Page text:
Health Monitoring of Chimpanzees Naturally Infected with SIVcpz: Benefits for Chimpanzees and Humans
American Association of Zoo Veterinarians Conference 2010
Karen A. Terio1, DVM, PhD, DACVP; Dominic Travis2, DVM, MPH; Michael J. Kinsel1, DVM, DACVP; Jacob D. Estes3, PhD; Brandon F. Keele3, PhD; Rebecca S. Rudicell4; Jane Raphael5, BVSc; Iddi Lipende6, BVSc; Shadrack Kamenya6, PhD; Michael Wilson7, PhD; Anne E. Pusey8, PhD; Beatrice H. Hahn4, MD; Elizabeth V. Lonsdorf2, PhD
1Zoological Pathology Program, College of Veterinary Medicine, University of Illinois, Maywood, IL, USA; 2Lincoln Park Zoo, Chicago, IL, USA; 3AIDS and Cancer Virus Program, Science Applications International Corporation-Frederick Inc., National Cancer Institute, Frederick, MD, USA; 4Departments of Medicine and Microbiology, University of Alabama at Birmingham, Birmingham, AL, USA; 5Tanzania National Parks, Arusha, Tanzania; 6Gombe Stream Research Centre, The Jane Goodall Institute, Kigoma, Tanzania; 7Department of Ecology, Evolution and Behavior, University of Minnesota, St. Paul, MN, USA; 8Department of Evolutionary Anthropology, Duke University, Durham, NC, USA
Read the Spanish translation: Monitoreo de Salud de Chimpancés Naturalmente Infectados con Sivcpz: Beneficios para Chimpancés y Humanos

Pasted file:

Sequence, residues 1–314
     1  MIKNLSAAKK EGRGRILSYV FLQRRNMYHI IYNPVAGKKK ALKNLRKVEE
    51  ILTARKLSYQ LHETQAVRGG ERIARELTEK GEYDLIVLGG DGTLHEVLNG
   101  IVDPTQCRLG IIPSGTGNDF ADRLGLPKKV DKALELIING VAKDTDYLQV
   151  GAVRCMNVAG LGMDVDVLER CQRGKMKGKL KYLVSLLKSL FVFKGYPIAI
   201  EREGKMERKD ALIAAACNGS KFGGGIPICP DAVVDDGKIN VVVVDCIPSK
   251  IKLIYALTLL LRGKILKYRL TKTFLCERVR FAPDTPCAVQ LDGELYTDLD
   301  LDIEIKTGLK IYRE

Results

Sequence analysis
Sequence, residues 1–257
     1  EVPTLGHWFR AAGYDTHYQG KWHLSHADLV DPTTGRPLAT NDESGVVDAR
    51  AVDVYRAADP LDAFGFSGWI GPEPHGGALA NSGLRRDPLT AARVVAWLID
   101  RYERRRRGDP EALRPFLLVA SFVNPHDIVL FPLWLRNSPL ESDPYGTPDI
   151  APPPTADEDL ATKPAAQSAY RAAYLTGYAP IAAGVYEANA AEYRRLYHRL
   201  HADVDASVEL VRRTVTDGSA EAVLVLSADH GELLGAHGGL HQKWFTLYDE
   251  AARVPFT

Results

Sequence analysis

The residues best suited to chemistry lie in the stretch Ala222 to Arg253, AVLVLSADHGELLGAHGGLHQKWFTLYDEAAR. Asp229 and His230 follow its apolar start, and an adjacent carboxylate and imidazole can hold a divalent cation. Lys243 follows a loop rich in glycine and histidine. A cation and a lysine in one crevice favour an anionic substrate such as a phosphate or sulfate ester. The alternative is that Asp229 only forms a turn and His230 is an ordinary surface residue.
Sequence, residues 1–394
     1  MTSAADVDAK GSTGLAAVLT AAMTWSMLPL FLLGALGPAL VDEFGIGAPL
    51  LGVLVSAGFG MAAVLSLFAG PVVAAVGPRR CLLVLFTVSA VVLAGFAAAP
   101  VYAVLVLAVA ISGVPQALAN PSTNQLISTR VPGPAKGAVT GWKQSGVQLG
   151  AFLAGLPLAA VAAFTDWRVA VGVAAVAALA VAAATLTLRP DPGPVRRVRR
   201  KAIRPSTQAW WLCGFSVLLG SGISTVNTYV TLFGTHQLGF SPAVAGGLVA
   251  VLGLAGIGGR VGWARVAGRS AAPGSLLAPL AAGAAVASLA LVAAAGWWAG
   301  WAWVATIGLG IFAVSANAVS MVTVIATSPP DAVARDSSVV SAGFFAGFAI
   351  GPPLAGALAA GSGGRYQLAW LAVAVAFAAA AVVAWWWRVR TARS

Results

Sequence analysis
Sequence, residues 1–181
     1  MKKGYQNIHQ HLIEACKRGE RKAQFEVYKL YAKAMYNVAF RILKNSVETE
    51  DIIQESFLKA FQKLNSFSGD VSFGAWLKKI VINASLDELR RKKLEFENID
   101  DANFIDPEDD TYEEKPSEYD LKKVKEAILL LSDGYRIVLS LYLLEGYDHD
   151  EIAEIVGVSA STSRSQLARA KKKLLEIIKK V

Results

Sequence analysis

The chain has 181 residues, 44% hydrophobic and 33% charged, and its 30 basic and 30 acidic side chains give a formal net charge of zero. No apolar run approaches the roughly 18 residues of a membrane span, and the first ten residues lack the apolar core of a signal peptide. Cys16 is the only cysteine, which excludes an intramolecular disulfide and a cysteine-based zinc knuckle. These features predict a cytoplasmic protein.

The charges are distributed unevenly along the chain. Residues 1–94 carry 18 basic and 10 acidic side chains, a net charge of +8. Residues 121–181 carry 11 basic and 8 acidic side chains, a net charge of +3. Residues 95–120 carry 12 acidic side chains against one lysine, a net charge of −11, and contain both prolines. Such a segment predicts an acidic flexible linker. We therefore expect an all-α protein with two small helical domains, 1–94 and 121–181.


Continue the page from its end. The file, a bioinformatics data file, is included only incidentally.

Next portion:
The human immunodeficiency virus type 1(HIV-1) pandemic has prompted considerable interest in non-human primate models of acquired immunodeficiency (AIDS). Several wild chimpanzee populations are known to be naturally infected with simian immunodeficiency virus (SIV), including chimpanzees in Gombe National Park. However, the impact of this infection on chimpanzee health and longevity remains unknown. The chimpanzees of Gombe have been under continuous observation since the 1960s and individual life histories are available for many individuals. In 2004, pathology was added to ongoing observational health and non-invasive virologic monitoring of chimpanzees and sympatric primates at Gombe. On-site personnel were trained in necropsy techniques so that carcasses of naturally deceased primates could be thoroughly, yet safely, evaluated. Although the initial goal was to monitor the health of this population, the project provided a unique opportunity to study the pathogenesis of natural SIVcpz infection. Previous to these studies, natural SIV infections, including that of chimpanzees, were thought to be non-pathogenic. However, our studies revealed higher mortality rates as well as cases of SIVcpz-infected chimpanzees with AIDS-like immunopathology. Our findings thus suggest that SIVcpz may impact survivability of this endangered species. Ongoing research into viral and host factors responsible for disease progression may provide critical clues to understanding the mechanisms of AIDS. While collaboration is common between researchers studying the pathogenesis of human diseases in laboratory settings, this collaboration among veterinary and human health professionals and conservationists has the potential to increase our understanding of disease pathogenesis for the benefit of humans and wild chimpanzees.